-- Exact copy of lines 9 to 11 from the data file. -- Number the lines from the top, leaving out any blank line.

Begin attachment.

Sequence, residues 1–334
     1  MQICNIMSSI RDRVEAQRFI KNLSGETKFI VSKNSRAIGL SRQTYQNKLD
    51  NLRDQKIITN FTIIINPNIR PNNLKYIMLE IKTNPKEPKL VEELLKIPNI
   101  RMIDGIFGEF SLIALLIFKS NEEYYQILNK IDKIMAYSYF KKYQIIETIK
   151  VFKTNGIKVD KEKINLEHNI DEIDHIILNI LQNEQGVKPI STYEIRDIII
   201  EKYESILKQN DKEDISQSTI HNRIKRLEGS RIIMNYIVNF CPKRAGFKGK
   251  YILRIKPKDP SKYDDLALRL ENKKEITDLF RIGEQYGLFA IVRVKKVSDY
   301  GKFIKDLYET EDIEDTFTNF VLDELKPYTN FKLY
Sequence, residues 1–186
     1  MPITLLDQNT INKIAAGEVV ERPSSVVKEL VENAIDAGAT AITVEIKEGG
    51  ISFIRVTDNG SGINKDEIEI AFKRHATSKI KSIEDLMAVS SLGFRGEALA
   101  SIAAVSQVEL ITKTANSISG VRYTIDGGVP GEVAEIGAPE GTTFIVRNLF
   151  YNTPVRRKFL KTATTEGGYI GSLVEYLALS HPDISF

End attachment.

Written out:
Sequence, residues 1–186
     1  MPITLLDQNT INKIAAGEVV ERPSSVVKEL VENAIDAGAT AITVEIKEGG
    51  ISFIRVTDNG SGINKDEIEI AFKRHATSKI KSIEDLMAVS SLGFRGEALA